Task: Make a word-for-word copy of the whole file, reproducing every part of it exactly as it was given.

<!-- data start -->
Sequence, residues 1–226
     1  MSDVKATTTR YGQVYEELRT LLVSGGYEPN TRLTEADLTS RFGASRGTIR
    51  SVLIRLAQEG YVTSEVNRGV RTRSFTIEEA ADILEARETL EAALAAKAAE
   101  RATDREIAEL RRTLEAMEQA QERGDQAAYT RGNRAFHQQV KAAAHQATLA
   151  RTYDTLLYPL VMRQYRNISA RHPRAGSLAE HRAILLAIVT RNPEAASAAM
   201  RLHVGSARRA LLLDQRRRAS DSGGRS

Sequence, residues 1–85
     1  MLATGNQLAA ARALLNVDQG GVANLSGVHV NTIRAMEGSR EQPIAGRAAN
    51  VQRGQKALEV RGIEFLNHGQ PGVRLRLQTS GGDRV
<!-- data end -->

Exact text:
Sequence, residues 1–226
     1  MSDVKATTTR YGQVYEELRT LLVSGGYEPN TRLTEADLTS RFGASRGTIR
    51  SVLIRLAQEG YVTSEVNRGV RTRSFTIEEA ADILEARETL EAALAAKAAE
   101  RATDREIAEL RRTLEAMEQA QERGDQAAYT RGNRAFHQQV KAAAHQATLA
   151  RTYDTLLYPL VMRQYRNISA RHPRAGSLAE HRAILLAIVT RNPEAASAAM
   201  RLHVGSARRA LLLDQRRRAS DSGGRS

Sequence, residues 1–85
     1  MLATGNQLAA ARALLNVDQG GVANLSGVHV NTIRAMEGSR EQPIAGRAAN
    51  VQRGQKALEV RGIEFLNHGQ PGVRLRLQTS GGDRV